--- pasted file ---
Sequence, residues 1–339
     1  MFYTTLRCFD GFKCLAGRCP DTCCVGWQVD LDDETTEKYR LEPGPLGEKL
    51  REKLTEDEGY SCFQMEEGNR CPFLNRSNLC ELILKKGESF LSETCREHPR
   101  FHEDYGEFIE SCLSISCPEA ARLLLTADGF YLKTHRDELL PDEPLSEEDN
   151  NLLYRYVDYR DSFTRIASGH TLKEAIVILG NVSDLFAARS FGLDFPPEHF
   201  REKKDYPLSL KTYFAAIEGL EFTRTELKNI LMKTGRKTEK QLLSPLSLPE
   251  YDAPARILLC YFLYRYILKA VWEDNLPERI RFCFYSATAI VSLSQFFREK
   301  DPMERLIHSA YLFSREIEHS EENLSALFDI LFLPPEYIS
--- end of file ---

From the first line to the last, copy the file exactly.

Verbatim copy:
Sequence, residues 1–339
     1  MFYTTLRCFD GFKCLAGRCP DTCCVGWQVD LDDETTEKYR LEPGPLGEKL
    51  REKLTEDEGY SCFQMEEGNR CPFLNRSNLC ELILKKGESF LSETCREHPR
   101  FHEDYGEFIE SCLSISCPEA ARLLLTADGF YLKTHRDELL PDEPLSEEDN
   151  NLLYRYVDYR DSFTRIASGH TLKEAIVILG NVSDLFAARS FGLDFPPEHF
   201  REKKDYPLSL KTYFAAIEGL EFTRTELKNI LMKTGRKTEK QLLSPLSLPE
   251  YDAPARILLC YFLYRYILKA VWEDNLPERI RFCFYSATAI VSLSQFFREK
   301  DPMERLIHSA YLFSREIEHS EENLSALFDI LFLPPEYIS